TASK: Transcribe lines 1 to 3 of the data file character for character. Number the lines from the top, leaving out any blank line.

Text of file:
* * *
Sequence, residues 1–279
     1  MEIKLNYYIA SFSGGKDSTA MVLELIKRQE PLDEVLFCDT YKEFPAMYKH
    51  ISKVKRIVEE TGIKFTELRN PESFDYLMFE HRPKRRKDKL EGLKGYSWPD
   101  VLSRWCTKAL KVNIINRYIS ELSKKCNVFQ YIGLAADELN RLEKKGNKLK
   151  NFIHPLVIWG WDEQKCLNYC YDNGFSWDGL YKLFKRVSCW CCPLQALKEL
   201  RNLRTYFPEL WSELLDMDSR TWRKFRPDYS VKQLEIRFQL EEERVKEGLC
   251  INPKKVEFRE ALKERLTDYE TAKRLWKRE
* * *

Sequence, residues 1–279
     1  MEIKLNYYIA SFSGGKDSTA MVLELIKRQE PLDEVLFCDT YKEFPAMYKH
    51  ISKVKRIVEE TGIKFTELRN PESFDYLMFE HRPKRRKDKL EGLKGYSWPD